Do you recognize the diagram above? If you’re over the age of 55, I bet you do. Of course, it’s what we watched on television late at night or early in the morning before 24-hour programming was introduced. I think we called it a “test pattern” and it got more air time than the precious few TV programs that were produced in “the good ole days.”
The older I get, the fonder I become of remembering those days – before the horrors or terrorism and political correctness invaded our lives.
- I know, I know. We had polio. The Russians, and iron lungs to worry about, but at least we weren’t slammed with it 24 hours a day on cable news and instant access online “newspapers” which can now update stories at a moments notice.
.I found an old ice tray like the one above at The Trading post the other day. I couldn’t resist purchasing it for at least 10 times what it cost in 1955. I’m also in the market for an old ringer washing machine like my mother used when I was a toddler. I plan to put it on my lawn as a container for my impatiens. Can’t you just see them spilling over the side, and my neighbors whispering about starting a petition outlawing some of the junk which finds it way into my garden.
I call this “historic preservation” and think I should be applauded!.
Only station we could get was the CBS affiliate WCBI Channel 4 out of Columbus. Thank goodness the Ed Sullivan show was on CBS. We’d have missed the Beatles.
Great memories, thanks!!!
Love your writing. Emily! Look forward to every post!
Yeah – Bill- WCBI only had programming from Uncle Bunky through sign off with national anthem around 10:30. We played “girl” games outside while you and Bucky were dreaming up your next event of,shock and awe.
Woo Hoo, Shree Shree, Applause-Applause-Applause, You Go Girl!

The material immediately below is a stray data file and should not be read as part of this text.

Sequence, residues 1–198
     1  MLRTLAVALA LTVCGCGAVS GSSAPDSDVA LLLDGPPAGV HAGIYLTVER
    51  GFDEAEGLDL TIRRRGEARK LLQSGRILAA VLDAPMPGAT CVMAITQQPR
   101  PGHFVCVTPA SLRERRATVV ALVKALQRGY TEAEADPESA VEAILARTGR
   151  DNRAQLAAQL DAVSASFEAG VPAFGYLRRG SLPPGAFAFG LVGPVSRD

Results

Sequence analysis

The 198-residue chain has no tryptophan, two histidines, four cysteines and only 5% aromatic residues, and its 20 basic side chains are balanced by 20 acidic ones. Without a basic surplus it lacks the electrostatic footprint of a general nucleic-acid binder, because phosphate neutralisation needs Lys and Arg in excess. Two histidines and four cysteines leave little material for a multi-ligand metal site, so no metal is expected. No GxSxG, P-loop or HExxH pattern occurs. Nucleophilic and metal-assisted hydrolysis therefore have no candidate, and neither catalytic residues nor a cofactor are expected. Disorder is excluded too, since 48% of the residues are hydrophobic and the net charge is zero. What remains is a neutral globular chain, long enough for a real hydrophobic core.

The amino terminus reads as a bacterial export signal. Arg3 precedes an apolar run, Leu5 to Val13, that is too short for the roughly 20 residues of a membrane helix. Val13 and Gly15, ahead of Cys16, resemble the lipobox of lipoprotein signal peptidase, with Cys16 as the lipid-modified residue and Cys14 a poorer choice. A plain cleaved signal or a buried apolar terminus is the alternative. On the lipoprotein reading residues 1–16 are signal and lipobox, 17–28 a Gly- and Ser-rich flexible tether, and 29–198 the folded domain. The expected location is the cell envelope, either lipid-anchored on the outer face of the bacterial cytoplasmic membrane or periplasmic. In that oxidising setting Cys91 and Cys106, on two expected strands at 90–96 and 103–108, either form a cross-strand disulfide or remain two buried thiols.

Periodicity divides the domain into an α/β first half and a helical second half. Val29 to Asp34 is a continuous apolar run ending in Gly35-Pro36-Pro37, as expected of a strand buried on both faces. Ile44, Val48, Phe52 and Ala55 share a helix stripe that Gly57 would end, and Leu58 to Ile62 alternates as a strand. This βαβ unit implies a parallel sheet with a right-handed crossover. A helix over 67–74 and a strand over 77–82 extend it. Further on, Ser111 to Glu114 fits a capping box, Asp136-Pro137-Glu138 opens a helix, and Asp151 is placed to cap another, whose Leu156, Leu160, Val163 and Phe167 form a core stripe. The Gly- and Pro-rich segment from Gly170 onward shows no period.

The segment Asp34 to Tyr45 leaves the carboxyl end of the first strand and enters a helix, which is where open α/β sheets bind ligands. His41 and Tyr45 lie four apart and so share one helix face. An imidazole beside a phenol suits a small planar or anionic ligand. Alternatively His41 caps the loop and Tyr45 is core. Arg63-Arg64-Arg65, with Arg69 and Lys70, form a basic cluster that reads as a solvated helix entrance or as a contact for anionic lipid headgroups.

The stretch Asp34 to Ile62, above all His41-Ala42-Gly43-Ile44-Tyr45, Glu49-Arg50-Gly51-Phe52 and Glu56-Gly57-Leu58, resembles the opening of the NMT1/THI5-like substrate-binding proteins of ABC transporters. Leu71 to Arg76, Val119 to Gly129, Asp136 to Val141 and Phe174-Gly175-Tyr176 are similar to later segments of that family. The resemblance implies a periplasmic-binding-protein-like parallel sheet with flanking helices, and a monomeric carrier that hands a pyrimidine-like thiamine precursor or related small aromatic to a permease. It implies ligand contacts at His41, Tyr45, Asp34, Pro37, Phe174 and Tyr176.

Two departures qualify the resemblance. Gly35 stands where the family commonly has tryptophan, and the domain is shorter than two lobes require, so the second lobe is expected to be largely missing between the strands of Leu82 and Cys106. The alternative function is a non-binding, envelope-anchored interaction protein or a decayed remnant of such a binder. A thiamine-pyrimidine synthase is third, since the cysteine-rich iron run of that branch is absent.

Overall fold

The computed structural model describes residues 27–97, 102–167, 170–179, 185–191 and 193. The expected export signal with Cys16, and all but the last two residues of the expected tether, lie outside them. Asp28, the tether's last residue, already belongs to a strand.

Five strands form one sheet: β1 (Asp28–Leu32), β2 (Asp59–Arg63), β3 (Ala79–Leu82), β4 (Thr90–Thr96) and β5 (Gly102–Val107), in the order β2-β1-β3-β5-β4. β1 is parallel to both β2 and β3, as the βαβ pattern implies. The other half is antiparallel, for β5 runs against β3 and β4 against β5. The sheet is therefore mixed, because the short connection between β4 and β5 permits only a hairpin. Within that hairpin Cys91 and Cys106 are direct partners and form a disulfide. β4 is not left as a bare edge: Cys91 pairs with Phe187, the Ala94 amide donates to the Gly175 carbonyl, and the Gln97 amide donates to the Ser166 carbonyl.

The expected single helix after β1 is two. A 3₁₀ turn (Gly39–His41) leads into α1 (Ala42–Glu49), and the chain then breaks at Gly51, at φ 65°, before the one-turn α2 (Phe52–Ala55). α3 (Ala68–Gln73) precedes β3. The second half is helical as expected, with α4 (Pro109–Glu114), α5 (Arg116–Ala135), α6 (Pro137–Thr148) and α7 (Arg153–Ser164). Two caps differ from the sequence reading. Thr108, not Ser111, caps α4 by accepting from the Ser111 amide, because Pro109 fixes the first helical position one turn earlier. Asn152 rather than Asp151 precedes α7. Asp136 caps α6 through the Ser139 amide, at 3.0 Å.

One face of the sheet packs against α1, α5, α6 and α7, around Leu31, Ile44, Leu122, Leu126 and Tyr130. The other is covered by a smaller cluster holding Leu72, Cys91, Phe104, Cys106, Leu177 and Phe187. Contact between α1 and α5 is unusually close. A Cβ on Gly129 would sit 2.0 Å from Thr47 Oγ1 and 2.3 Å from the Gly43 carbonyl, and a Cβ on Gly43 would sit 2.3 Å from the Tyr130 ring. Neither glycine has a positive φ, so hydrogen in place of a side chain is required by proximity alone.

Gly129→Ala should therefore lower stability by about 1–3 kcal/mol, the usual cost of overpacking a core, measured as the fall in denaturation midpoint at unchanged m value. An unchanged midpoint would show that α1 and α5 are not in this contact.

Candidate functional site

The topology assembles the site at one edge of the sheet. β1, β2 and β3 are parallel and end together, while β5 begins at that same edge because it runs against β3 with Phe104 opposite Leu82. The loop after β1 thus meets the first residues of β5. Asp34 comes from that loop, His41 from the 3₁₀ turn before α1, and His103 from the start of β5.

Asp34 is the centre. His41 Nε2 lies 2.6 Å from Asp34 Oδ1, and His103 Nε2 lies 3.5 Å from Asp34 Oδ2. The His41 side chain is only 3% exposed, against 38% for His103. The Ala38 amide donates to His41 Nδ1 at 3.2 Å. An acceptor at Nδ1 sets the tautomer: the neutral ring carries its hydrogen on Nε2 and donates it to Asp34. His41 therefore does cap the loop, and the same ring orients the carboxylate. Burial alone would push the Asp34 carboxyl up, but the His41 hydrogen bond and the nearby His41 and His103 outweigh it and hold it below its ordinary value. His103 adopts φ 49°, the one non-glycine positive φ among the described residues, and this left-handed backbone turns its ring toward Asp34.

I can’t remember when we actually got our first TV, but the first TV show I remember was Howdy Doody… very snowy picture on Linda R’s TV when we both lived on Grove St.
Well, I guess that in 1950 to 1960 or somewhere alone the way, the TV reception went from fuzzy to clear. When we first got the TV…probably in the mid 50’s, we had an outside antenna that was controlled or rotated by an electric box that sat on top of the TV. Now you must realize that the Antenna was probably 40 to 50 feet up on a pole. The Antenna could be rotated so we could pick up a “Fuzzy” Memphis and Birmingham. I also think we got Meridian…Hmmm, I wonder why Meridian has a station strong enough to reach WP.. But as “they” say….those were the days…I’m just glad that I live in todays world.
One of the funniest things I remember is the cartoon the tv station would put on the screen when the reception went out. It said, “It ain’t you. It ain’t us. It must be them.”
I remember watching “Kate Smith” and “Queen for a Day” after I got home from school. I was also a Gene Autry fan. King Cotton bacon ran a promotion where you could save up coupons for Gene Autry items. I wanted a Gene Autry watch where his gun moved back an forth as the watch ticked. All of my parents’ friends and even the employees at the grocery saved coupons for me. I finally had enough to get a watch and a gun and holster too! I was a rootin’ tootin’ cowgirl! 🙂